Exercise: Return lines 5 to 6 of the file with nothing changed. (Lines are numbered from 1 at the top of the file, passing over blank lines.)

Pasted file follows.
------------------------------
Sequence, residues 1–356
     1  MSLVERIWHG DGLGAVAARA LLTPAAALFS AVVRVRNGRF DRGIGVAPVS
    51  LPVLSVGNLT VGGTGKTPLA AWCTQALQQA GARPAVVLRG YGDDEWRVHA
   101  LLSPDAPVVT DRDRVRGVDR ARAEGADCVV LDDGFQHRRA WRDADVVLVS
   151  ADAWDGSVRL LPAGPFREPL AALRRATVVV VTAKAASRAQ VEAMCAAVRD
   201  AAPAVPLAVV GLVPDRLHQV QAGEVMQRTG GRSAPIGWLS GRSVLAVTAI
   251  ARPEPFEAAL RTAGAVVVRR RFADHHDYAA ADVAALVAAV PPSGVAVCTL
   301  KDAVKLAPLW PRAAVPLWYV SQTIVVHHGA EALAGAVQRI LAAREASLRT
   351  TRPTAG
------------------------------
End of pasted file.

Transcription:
   151  ADAWDGSVRL LPAGPFREPL AALRRATVVV VTAKAASRAQ VEAMCAAVRD
   201  AAPAVPLAVV GLVPDRLHQV QAGEVMQRTG GRSAPIGWLS GRSVLAVTAI